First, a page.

The Innkeeper’s Son Excerpt

The silence of the forest was shattered by the thunder of horse hooves churning up the black earth of the King’s Road. Two cloaked riders whipped their galloping mounts in a race against the setting sun.

As they passed a deserted crossroads, the larger of the two looked over his shoulder. “Hurry, the sun is almost down. We must reach shelter before nightfall.”

Suddenly the tired mare under him slipped and stumbled. Its legs collapsed, and it rolled to the ground, hurling its rider further up the road. The second rider pulled up on the reins and turned around.

The fallen man grudgingly got to his feet and straightened the sword at his waist before shambling over to his downed horse. He looked back at his companion who pushed back the hood of his cloak, to reveal the smudged, sparsely bearded face of a youth.

The man spit the dirt from his teeth. “Go on, go on. I’m well.”

The youth urged his jumpy, lathered horse forward. His large eyes danced from side to side above his quivering lips. “Are you quite sure?” he asked in a thin voice.

“I’ve taken harder falls in the lists.”

“Yes, an old warrior like you must be quite used to it by now, but what of your mount?”

“She will survive. Old warrior? I am not an old . . .” The large man stopped and grinned. “Go on, I will follow immediately.”

As the smirking youth turned his horse back up the road, the warrior brought the mare to its feet and inspected its legs. “Confound it!”

The youth again stopped his horse. The grin had escaped his face. “What is it? Is she lame?”

“What, this old battle-nag? Too stubborn for that, but she is wounded and look . . . she’s spilled our provisions.”

The large man tied a cloth around the mare’s injured foreleg and bent to pick up the bread, fruit, and gold coins scattered across the road. He put a handful of coins into a purse and was reaching for a small loaf of bread when the cry of an infant erupted from his companion.

The dismounted warrior shot a fretful look to the younger man and then glanced about. As he eyed the woods, his free hand drifted onto the hilt of his sword. “Confound, it’s nearly dark!”

The youth shifted in the saddle and pushed aside his grey cloak to reveal a very young, very small baby. “There, there, my little prince,” he cooed. “What’s the matter?”

At that moment, the youth caught sight of movement down the road they had just covered. All happiness drained from his face, and his back stiffened. His mount reared up, pawing the air with its forelegs.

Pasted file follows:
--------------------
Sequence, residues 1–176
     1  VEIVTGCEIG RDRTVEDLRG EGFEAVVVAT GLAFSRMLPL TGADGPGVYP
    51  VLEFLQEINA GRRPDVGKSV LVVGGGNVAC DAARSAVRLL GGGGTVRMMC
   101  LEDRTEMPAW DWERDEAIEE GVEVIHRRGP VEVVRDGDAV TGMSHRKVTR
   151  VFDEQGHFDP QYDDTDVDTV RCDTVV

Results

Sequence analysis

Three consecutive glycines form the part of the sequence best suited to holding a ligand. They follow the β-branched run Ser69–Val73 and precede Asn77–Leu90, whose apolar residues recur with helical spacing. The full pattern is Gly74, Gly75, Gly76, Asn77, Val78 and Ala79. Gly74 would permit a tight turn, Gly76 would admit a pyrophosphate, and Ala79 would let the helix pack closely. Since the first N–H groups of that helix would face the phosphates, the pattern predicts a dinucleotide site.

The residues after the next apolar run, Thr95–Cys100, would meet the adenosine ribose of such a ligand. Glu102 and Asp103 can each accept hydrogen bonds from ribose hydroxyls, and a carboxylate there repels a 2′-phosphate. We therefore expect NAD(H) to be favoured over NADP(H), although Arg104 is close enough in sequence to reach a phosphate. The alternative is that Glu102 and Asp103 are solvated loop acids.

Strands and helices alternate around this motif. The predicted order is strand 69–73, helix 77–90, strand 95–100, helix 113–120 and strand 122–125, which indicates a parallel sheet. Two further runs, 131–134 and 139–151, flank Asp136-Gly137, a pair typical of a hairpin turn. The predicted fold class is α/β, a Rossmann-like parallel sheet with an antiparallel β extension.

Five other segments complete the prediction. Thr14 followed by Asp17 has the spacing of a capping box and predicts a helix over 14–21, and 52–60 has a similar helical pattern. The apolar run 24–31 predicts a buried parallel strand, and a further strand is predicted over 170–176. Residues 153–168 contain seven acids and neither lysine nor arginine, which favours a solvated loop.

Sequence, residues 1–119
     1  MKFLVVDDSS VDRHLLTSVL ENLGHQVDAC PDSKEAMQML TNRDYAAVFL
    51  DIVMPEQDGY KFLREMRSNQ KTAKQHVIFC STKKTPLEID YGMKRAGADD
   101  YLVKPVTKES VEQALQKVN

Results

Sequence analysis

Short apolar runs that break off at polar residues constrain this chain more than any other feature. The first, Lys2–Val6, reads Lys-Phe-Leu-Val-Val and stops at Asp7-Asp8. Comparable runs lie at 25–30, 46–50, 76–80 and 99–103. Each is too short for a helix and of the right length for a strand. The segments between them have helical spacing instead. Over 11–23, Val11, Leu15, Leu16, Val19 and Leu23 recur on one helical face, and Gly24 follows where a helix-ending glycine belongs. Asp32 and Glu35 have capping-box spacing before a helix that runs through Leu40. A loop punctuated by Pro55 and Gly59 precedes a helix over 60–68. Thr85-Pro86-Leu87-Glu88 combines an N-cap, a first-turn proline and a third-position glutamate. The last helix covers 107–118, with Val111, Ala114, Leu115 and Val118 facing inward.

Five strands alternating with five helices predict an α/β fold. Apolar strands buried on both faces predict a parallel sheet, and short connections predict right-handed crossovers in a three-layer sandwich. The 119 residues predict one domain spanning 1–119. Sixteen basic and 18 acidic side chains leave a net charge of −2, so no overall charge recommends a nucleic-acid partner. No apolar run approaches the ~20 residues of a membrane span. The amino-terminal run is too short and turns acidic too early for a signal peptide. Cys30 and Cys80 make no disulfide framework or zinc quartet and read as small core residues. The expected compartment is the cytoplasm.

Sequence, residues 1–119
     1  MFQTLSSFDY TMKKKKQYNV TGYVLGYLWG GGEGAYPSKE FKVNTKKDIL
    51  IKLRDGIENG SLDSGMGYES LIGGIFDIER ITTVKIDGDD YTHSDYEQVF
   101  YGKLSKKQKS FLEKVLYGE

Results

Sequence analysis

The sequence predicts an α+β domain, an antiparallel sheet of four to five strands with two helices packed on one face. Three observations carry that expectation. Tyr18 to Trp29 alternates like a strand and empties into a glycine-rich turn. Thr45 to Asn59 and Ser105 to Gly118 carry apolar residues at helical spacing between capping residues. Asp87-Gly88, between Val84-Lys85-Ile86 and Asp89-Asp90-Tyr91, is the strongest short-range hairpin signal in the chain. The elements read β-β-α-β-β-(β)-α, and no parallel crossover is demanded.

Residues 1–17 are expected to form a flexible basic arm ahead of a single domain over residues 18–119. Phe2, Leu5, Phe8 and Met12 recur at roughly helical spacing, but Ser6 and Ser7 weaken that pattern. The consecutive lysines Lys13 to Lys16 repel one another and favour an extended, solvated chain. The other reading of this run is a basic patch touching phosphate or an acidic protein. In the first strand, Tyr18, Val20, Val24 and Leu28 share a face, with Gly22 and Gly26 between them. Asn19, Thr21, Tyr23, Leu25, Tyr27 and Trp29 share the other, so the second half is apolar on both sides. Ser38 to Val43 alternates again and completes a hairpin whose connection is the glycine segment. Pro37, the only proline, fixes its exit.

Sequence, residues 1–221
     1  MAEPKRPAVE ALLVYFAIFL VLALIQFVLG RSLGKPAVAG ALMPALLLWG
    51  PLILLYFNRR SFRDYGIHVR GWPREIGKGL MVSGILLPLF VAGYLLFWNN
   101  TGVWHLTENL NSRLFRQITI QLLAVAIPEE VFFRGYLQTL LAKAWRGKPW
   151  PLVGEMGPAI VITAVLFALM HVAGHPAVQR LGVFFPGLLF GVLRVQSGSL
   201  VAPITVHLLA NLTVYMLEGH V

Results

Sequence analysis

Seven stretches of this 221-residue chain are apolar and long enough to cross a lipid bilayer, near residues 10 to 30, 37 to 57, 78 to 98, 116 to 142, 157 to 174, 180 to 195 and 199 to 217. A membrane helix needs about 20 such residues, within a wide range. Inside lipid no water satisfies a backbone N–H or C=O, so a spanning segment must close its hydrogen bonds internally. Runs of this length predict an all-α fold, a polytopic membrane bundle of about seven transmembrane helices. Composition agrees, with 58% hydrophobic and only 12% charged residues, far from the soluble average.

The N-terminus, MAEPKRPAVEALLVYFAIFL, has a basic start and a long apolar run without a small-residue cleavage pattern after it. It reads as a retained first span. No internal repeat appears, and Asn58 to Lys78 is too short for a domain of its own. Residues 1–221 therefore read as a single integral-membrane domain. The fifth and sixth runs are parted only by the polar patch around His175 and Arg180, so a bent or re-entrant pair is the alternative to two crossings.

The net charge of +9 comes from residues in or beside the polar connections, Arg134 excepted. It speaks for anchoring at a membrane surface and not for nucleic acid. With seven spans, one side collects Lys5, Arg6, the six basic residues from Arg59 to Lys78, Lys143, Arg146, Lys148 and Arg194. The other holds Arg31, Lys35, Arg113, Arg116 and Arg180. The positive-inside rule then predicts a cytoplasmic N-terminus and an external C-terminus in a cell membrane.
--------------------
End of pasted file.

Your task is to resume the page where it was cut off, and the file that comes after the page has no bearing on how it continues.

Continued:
The warrior’s mare leapt into the air, kicking and snorting. Her master crouched low in the road with one hand solidly gripping the reins. The man’s sharp green eyes searched the shadowy curtain of the forest beyond the naked blade of his sword.

The youth skillfully forced his startled mount back to the ground then pointed down the road. “He’s found us! Run!” He dug his heels into his horse and charged up the road, cradling the baby.

The man hunkered on the road looked past his bucking mount in the direction the youth had pointed. His eyes fell upon the nameless crossroads, where a low, fog-like darkness crept through the trees. It billowed into view like black ink poured into clear, still water and hovered in the intersection. Thin, wispy tendrils probed in front of it, and into the woods on either side of the road, before melting back into the main body of darkness. Without warning, it shifted and started up the road in the direction of the two riders.

The warrior pleaded under his breath. “God save us.” He yanked on the reins of his horse, demanding her obedience to his control. Then he put his foot in the stirrup, but the beast circled away from him. After a few hurried attempts, he managed to throw himself into the saddle. The frightened creature spun round and round beneath him as he paused to eye the gold coins still littering the road.

The youth shouted over his shoulder. “Hurry!”

“But the gold!”

“Leave it!”

“But we will need—”

“Leave it! Only the child matters!”

Without another moment’s hesitation, the large man swatted the mare’s rump with the flat of his sword and galloped up the road.

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